Only 3% of women in the built environment feel that the industry is tackling gender equity well, but getting results may be better achieved by shifting the focus away from women.
Ahead of International Women’s Day Architecture, Engineering and Construction (A/E/C) think tank the Design Futures Council conducted research on the status of women in the industry. The findings highlight nothing new, respondents overwhelmingly feel that, while other industries are progressing with diversity initiatives the A/E/C is lagging behind. This begs the question; how do we turn this around?
Alexia Lidas, is the Managing Director of Design Futures Council and Metis Advisory and CPD, and says that the research results are representative of her experience in the industry.
“Although I am Managing Director of two businesses in the built environment, both males and females commonly assume that I’m the assistant of the male consultants working for me. I do have a laugh about it, but there is a disappointing undercurrent to this assumption that I choose to ignore.”
“Interestingly this experience has been echoed by the participants in my research. The top challenge faced by respondents is an assumption that they lack skills, followed closely by being overlooked for senior roles,” said Lidas.
Research participants range from C-Suite to graduates, who worked across a broad range of industry sub-sectors such as engineering, architecture, interior design, product design, product manufacture, property development, specialist A/E/C legal advisors, marketers, strategists and more.
The pressing case for diversity is real, and business leaders are paying attention. Other industries are successfully broadening the conversation to include other minority groups such as LGBTIQ, disability, race and Indigenous Australians, thus creating workplaces which strive to be welcoming for all.
In the built environment however, this is not the case. The research revealed that women are not happy with the industry’s attempts at creating welcoming and equitable workplaces for women.
- Only 3% of respondents feel the industry are approaching diversity well
- 33% believe that the industry is behind
- 18% believe the industry is doing an “okay” job, but “not great”
- 46% were not sure how the industry stood compared to others
Women in construction do not feel that they are adequately acknowledged and the results indicate that they are not ready to shift the spotlight away – just yet. When asked if they preferred women in construction events were adjusted to achieving equality for those who identify as LGBTIQ, disabled, Indigenous Australians and others, only 24% agreed.
“The research indicates that women do not feel heard and adequately supported in the industry. 55% responded to say they enjoy events for women in construction and that they would gladly attend more,” said Lidas.
Leadership expert Isabelle Phillips of consultancy Mackerel Sky – Leadership Matters and Mindfulness for the Global Village says that this may be a counterproductive approach.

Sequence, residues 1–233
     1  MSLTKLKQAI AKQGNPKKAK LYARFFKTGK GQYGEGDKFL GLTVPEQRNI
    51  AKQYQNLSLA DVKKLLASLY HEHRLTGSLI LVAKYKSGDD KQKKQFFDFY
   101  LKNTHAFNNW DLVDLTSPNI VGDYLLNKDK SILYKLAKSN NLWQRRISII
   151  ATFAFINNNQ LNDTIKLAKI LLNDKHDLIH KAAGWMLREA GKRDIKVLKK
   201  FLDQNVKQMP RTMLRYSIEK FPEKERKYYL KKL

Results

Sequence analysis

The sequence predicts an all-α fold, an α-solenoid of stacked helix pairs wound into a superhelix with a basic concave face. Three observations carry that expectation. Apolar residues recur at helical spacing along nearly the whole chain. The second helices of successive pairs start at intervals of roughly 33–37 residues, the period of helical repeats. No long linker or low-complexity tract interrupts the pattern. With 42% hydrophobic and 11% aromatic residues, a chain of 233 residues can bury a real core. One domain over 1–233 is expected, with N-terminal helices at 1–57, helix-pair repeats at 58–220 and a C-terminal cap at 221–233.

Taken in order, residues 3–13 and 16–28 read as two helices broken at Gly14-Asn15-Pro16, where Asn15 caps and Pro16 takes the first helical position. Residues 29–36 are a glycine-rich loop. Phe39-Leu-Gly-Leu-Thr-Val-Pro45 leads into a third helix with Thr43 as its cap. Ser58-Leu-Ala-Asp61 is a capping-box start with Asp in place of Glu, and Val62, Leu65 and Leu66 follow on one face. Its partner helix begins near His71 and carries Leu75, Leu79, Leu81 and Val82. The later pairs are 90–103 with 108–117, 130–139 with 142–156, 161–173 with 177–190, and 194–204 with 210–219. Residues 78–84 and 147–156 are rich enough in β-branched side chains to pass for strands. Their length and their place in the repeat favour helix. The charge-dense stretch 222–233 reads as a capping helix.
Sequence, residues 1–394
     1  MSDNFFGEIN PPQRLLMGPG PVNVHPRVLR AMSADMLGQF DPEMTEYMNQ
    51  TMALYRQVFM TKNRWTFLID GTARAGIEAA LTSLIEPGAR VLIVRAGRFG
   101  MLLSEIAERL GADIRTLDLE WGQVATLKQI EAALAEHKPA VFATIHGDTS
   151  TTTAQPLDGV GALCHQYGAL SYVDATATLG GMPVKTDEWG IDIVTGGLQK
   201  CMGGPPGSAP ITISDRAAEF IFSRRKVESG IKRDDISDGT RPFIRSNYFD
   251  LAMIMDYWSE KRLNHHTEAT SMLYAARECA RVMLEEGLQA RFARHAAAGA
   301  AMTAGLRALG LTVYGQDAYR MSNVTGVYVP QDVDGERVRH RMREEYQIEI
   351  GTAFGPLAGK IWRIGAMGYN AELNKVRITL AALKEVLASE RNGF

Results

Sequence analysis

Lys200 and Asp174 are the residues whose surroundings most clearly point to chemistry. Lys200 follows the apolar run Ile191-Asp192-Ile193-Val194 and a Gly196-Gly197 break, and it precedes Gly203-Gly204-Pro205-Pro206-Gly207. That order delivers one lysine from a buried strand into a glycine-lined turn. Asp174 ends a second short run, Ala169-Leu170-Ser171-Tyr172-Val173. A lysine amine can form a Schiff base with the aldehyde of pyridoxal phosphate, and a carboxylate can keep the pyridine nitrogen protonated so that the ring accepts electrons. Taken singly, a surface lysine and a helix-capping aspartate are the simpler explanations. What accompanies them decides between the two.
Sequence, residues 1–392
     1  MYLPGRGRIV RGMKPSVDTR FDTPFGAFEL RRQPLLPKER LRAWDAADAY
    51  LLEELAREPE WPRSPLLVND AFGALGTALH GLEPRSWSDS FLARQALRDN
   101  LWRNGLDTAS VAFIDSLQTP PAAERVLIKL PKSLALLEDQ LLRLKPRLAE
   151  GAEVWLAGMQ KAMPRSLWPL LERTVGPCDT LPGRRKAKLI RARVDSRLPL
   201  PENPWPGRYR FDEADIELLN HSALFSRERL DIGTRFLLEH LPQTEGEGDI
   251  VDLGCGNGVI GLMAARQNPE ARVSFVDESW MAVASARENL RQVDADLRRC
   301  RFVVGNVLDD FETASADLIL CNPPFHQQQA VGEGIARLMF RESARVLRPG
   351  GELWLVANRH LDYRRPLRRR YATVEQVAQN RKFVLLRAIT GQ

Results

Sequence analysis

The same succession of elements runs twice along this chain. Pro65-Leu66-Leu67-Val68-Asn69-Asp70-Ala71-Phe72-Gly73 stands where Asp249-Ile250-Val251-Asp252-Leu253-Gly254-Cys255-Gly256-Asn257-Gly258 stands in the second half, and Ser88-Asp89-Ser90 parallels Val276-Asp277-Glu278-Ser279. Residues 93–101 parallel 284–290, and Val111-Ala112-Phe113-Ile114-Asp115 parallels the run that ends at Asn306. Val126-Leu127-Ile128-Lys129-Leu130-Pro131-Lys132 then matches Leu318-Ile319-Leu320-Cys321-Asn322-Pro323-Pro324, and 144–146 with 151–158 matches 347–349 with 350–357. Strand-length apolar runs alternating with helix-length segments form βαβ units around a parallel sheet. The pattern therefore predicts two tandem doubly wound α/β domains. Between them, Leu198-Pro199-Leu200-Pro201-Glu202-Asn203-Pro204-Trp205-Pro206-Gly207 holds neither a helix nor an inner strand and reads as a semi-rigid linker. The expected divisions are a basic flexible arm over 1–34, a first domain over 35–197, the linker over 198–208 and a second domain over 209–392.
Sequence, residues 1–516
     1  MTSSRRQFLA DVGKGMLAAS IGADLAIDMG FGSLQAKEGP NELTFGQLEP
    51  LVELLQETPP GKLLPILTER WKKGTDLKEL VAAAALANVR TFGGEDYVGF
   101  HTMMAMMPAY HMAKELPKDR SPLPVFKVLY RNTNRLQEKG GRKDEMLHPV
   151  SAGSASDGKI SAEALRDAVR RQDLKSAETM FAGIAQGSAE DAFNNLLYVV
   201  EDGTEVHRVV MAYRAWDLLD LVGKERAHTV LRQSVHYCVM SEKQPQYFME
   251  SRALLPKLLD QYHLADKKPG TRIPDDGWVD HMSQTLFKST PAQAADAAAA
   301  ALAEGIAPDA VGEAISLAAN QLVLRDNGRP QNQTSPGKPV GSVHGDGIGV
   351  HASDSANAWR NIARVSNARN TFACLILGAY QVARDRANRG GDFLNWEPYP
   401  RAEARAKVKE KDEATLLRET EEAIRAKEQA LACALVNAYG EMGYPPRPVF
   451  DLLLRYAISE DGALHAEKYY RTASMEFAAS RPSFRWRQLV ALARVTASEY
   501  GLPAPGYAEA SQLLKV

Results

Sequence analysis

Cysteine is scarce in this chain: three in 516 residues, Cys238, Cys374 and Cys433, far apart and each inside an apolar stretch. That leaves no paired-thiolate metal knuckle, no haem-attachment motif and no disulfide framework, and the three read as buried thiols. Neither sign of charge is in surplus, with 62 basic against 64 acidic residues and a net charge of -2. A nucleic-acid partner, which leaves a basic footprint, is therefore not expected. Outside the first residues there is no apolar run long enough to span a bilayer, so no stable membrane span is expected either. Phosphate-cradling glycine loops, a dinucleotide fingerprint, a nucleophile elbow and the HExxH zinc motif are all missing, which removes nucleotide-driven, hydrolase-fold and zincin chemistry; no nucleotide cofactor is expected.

“Achieving a workplace where the real talent of high achieving women can be acknowledged is counter-intuitive. We need to do more than just focus on women. Paradoxically, this approach will always position women as ‘the other’ and that feeds the existing unconscious bias in all our brains. We need to create truly diverse workforces to cut through the bias in our ‘savannah brains’.”
Isabelle explains that, the bad news is, in our high tech, hyper-connected world we continue to select leaders based on survival on the savannah, such as height. Yes, height is a significant predictor of gaining a leadership role. While there is no silver bullet to solving this problem, there is a better pathway to success.
“Are you a high-achieving woman? Start inviting people with a range of cultural and linguistic backgrounds, people with disabilities, LGBTI people and others into your organisation. Then you may find that getting that next promotion in a mix such as this, is not so radical as being the only applicant who is not a ‘cardboard cut-out,” said Phillips.
“The research has some powerful statements and actionable insight for leaders. I feel privileged to have received such honest responses to the survey, and I am looking forward to releasing the report,” said Lidas.
Results from this research will be released shortly in a report featuring the insight of leadership expert Isabelle Phillips and AEC policy advisor/ researcher Alexia Lidas. This will be the second project the pair have undertaken together. In 2017 along with Charlotta Oberg, they developed a framework for belonging which will also be released later this year. Click here to receive either of these reports when they are released.
Isabelle and Alexia share their top tips for workplaces aspiring to create an equitable culture for women:
- Broaden the inspiration behind diversity programmes – look for model programs outside of the A/E/C
- Don’t focus on women – bring other groups into these strategies, strive towards equality for all.
- Empower all of your staff to meaningfully contribute to the diversity aspirations of the company
- Ask yourself what markets are you moving into, what supply chain and distribution channels could you engage with better, what consumer base are you seeking to represent? This can create a meaningful link to the low hanging fruit of your business strategy and your diversity goals. Make it meaningful.